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The Sun is larger and brighter than most other stars in the galaxy. In fact, only a few percent of the Milky Way’s stars are about the same size, temperature, and brightness as the Sun. And at this time of year, if you have a dark sky and a good star chart, you can see two of them for yourself.
The stars form a binary system known as 16 Cygni. The system is about 70 light-years away, in the constellation Cygnus, which is in the northeast in early evening. But the stars are so close to each other that their light blends together to form a single point -- one that’s just barely visible to the unaided eye.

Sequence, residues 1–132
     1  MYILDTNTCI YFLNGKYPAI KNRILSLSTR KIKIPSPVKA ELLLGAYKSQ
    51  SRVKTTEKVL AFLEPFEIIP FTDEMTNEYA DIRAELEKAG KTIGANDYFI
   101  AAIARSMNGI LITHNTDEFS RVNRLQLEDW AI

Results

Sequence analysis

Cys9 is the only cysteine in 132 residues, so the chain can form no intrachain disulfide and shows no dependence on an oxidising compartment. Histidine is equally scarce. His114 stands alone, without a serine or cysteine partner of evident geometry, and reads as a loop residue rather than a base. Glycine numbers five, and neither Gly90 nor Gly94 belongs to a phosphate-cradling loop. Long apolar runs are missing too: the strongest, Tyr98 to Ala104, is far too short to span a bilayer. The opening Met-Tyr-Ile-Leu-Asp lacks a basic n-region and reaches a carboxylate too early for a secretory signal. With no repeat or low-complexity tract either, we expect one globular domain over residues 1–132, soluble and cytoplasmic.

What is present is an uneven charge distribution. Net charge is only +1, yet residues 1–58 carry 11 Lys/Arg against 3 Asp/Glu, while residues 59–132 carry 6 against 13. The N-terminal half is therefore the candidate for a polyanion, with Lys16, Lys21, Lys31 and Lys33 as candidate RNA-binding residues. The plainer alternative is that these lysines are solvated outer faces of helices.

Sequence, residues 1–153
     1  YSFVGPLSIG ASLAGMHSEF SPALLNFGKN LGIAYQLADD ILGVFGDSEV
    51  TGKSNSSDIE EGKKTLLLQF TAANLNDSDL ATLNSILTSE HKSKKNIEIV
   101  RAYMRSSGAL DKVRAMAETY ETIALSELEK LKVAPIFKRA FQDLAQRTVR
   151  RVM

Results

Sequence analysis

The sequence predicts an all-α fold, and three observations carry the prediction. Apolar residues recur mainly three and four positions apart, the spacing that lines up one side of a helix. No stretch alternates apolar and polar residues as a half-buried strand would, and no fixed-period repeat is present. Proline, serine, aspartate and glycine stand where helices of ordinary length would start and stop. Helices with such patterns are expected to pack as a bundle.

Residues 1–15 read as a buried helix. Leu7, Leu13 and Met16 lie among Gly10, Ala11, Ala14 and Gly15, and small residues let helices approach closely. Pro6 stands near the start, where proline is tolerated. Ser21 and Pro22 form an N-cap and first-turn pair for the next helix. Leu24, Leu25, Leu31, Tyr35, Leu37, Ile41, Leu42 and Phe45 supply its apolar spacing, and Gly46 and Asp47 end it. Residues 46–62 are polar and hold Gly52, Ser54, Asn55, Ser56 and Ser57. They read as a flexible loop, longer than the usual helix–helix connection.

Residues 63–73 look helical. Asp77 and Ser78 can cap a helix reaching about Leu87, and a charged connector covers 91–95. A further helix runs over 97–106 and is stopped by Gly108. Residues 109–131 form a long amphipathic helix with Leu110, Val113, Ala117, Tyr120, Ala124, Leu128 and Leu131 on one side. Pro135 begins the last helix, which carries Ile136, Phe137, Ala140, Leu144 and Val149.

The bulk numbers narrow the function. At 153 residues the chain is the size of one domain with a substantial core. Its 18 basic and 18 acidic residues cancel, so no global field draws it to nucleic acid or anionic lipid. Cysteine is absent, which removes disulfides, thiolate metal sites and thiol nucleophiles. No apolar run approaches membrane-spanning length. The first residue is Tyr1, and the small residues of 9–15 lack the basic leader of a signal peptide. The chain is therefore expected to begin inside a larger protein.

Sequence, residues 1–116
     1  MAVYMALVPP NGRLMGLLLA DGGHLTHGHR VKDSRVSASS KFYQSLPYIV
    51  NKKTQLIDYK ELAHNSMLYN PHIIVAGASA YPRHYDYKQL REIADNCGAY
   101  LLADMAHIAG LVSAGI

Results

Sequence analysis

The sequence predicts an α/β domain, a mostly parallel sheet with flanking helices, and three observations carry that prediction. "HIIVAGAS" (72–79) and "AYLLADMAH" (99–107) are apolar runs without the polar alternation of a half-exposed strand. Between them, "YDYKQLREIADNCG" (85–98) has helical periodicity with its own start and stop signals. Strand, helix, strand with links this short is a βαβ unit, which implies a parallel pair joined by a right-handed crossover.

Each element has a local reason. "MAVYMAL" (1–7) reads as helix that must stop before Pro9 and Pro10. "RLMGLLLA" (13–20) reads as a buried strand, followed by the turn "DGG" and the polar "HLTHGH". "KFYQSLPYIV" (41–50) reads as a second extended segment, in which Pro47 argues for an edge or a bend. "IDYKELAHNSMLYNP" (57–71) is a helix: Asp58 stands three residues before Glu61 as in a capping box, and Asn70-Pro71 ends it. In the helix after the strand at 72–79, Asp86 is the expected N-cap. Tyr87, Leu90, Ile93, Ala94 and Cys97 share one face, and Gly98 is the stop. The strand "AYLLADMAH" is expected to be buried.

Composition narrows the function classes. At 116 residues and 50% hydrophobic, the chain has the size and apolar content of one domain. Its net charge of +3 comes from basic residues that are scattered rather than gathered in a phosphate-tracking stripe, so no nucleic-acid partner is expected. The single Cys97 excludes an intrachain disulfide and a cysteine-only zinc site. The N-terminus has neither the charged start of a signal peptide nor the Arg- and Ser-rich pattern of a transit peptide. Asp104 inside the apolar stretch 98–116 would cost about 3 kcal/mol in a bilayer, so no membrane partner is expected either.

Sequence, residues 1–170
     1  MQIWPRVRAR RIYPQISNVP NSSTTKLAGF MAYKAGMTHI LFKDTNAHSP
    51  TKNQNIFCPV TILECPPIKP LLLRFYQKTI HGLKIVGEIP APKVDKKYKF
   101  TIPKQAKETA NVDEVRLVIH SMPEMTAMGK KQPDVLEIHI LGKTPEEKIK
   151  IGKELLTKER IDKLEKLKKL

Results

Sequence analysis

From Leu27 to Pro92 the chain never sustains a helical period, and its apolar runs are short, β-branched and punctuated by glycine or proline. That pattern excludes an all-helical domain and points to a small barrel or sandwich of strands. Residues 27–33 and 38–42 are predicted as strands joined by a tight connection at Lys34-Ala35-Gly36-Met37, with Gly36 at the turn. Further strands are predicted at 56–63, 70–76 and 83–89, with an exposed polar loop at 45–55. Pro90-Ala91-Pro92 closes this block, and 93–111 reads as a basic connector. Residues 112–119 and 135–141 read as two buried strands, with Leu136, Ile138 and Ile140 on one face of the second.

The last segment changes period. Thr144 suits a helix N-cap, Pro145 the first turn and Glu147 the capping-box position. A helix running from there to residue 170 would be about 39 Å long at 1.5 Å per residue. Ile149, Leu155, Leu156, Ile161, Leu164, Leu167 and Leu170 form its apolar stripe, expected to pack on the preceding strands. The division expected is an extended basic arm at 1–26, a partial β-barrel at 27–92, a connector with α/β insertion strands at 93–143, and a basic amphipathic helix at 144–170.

If you aim a small telescope at 16 Cygni, though, you’ll see both stars. They’re almost identical to each other -- and to our Sun: about the same color, mass, and brightness. The fainter of the two stars even has a giant planet in orbit around it.
One big difference between the Sun and the stars of 16 Cygni is age. While the Sun is about four and a half billion years old, the stars of 16 Cygni are about seven billion years old. Scientists know this because the structure of a star changes as the star ages. Oscillations inside the star cause tiny changes in its light that reveal the structure of the star’s interior.
The stars of 16 Cygni show us what the Sun would look like if we could view it across many light-years of space -- and if it had a matching partner to keep it company on its long journey through the galaxy.
Script by Ken Croswell